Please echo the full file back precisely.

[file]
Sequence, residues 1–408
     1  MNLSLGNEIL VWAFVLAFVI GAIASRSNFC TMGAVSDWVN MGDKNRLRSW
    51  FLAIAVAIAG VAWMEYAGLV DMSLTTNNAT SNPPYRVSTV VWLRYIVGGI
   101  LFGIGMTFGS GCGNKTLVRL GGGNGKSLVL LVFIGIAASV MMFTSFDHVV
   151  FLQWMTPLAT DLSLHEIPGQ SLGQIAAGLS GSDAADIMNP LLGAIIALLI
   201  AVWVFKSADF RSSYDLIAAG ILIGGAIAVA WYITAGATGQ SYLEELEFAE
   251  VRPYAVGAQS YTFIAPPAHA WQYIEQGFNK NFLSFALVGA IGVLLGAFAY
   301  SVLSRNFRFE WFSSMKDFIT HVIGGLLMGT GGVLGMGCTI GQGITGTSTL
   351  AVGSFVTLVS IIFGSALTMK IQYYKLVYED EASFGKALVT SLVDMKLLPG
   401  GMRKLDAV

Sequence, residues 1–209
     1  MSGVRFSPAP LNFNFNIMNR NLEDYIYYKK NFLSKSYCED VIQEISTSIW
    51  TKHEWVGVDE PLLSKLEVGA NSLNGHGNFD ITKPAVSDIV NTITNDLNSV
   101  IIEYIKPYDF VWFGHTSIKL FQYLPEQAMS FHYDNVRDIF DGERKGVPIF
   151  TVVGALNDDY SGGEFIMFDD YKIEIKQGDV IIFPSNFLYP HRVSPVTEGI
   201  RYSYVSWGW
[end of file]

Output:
Sequence, residues 1–408
     1  MNLSLGNEIL VWAFVLAFVI GAIASRSNFC TMGAVSDWVN MGDKNRLRSW
    51  FLAIAVAIAG VAWMEYAGLV DMSLTTNNAT SNPPYRVSTV VWLRYIVGGI
   101  LFGIGMTFGS GCGNKTLVRL GGGNGKSLVL LVFIGIAASV MMFTSFDHVV
   151  FLQWMTPLAT DLSLHEIPGQ SLGQIAAGLS GSDAADIMNP LLGAIIALLI
   201  AVWVFKSADF RSSYDLIAAG ILIGGAIAVA WYITAGATGQ SYLEELEFAE
   251  VRPYAVGAQS YTFIAPPAHA WQYIEQGFNK NFLSFALVGA IGVLLGAFAY
   301  SVLSRNFRFE WFSSMKDFIT HVIGGLLMGT GGVLGMGCTI GQGITGTSTL
   351  AVGSFVTLVS IIFGSALTMK IQYYKLVYED EASFGKALVT SLVDMKLLPG
   401  GMRKLDAV

Sequence, residues 1–209
     1  MSGVRFSPAP LNFNFNIMNR NLEDYIYYKK NFLSKSYCED VIQEISTSIW
    51  TKHEWVGVDE PLLSKLEVGA NSLNGHGNFD ITKPAVSDIV NTITNDLNSV
   101  IIEYIKPYDF VWFGHTSIKL FQYLPEQAMS FHYDNVRDIF DGERKGVPIF
   151  TVVGALNDDY SGGEFIMFDD YKIEIKQGDV IIFPSNFLYP HRVSPVTEGI
   201  RYSYVSWGW